South Korea on Monday offered North Korea its first food aid in nearly two years as part of a recent cautious rapprochement between the two neighbours.
South Korea made the offer through its Red Cross, which said it would send North Korea a small shipment consisting of 10,000 tons of corn, 20 tons of milk power and medicine.
The aid was being offered purely on humanitarian grounds and no further shipments were planned, the Unification Ministry in Seoul said.
If accepted, the food aid would be the first to be sent to the impoverished, communist North Korea since conservative South Korean President Lee Myung Bak took office in February last year.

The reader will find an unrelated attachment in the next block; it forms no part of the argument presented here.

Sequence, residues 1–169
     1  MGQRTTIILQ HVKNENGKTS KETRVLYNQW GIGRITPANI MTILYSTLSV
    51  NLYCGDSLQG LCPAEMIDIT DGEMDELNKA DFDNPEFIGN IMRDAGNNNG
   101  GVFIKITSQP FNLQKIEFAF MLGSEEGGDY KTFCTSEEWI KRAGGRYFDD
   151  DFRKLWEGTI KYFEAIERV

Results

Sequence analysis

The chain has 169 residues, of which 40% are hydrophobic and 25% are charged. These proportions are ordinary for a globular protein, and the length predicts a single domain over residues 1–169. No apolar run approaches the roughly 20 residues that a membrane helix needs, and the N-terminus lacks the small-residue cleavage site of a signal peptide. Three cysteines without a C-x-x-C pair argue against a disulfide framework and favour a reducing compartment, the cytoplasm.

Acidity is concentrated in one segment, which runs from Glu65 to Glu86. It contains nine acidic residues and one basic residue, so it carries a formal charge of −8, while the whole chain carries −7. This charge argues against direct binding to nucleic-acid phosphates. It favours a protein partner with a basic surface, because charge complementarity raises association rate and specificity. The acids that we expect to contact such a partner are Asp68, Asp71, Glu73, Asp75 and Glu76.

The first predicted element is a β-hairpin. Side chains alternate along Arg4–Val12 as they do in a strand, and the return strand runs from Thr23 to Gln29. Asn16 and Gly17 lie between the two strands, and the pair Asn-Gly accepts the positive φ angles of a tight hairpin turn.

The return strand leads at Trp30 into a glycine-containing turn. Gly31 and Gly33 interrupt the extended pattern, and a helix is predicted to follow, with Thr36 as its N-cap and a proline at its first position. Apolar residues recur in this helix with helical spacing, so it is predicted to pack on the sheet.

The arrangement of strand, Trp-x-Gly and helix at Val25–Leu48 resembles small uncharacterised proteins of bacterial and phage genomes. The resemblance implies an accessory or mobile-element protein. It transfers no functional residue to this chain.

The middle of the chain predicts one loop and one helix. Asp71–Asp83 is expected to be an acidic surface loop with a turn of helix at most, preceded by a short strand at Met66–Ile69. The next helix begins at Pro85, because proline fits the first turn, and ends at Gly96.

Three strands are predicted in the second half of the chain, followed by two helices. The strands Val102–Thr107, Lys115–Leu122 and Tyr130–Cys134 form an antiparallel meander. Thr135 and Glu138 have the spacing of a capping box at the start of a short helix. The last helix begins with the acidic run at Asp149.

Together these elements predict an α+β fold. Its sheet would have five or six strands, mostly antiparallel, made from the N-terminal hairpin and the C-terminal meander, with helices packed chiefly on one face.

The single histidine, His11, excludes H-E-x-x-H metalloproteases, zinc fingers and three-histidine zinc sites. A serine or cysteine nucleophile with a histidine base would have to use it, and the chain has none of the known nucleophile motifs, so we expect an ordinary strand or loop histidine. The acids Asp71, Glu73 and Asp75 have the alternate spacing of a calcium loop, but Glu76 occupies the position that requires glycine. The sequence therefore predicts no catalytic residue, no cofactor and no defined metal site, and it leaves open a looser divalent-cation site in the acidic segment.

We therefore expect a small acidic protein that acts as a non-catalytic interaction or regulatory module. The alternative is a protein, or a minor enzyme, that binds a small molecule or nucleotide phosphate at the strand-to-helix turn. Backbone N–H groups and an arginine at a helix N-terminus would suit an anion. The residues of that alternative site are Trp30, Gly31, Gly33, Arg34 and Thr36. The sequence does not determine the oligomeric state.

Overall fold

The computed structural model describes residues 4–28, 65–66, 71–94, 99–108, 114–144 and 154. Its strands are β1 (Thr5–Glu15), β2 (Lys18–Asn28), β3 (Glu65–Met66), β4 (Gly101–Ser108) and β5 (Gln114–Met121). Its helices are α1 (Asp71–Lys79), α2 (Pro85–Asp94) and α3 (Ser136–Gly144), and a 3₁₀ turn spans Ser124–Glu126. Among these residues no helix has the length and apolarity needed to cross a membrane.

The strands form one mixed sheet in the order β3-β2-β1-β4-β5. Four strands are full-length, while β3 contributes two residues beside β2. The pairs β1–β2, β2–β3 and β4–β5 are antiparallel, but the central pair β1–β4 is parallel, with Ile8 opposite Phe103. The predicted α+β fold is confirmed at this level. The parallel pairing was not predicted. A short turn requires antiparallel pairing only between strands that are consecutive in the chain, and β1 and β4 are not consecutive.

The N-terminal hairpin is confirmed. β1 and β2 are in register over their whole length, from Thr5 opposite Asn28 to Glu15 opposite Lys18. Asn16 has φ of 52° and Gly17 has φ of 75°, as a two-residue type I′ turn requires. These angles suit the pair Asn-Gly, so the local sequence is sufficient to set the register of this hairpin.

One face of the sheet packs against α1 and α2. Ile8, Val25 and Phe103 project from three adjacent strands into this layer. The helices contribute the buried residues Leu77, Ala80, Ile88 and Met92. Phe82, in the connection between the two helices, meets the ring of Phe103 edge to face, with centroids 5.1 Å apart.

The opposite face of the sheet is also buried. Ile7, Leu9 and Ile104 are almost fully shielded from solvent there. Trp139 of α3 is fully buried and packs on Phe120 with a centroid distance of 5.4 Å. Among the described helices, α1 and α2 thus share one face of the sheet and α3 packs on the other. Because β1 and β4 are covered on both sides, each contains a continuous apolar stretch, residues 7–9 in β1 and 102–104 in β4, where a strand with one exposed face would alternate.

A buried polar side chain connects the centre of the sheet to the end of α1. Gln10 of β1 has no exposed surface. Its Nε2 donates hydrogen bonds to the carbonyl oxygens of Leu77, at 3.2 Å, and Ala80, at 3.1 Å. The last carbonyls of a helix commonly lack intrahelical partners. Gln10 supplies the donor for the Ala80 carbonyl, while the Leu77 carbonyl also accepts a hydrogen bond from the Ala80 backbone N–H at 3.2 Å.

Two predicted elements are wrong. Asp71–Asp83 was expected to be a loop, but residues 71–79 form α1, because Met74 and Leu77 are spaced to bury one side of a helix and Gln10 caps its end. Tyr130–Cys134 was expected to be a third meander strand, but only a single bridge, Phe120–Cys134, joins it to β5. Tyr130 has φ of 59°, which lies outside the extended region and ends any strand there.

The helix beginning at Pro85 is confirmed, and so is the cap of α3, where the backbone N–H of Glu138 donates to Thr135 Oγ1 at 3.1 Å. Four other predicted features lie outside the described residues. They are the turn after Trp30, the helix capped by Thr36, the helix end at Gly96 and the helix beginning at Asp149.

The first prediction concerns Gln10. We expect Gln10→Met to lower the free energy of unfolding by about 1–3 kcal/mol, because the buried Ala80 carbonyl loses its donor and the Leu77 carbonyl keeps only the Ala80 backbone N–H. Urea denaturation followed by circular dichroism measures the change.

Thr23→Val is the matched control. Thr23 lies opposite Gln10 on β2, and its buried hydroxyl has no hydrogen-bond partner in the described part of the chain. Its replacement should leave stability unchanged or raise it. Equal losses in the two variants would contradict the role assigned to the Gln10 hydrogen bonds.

Lee took a harder line toward the North than his liberal predecessors, halting aid and insisting it would be linked to Pyongyang's progress toward denuclearisation.
Before Lee came to office, South Korea had been among the largest of North Korea's donors. Every year, it shipped hundreds of thousands of tons of rice and fertiliser to its neighbour.
Already strained relations with Lee's government further deteriorated in the first half of this year as North Korea carried out its second nuclear test, a series of missile launches and made repeated threats against the South.
In August, however, Pyongyang made overtures to Seoul, including agreeing to resume reunions of families separated by the 1950-53 Korean War and relaxing restrictions on cross-border transport.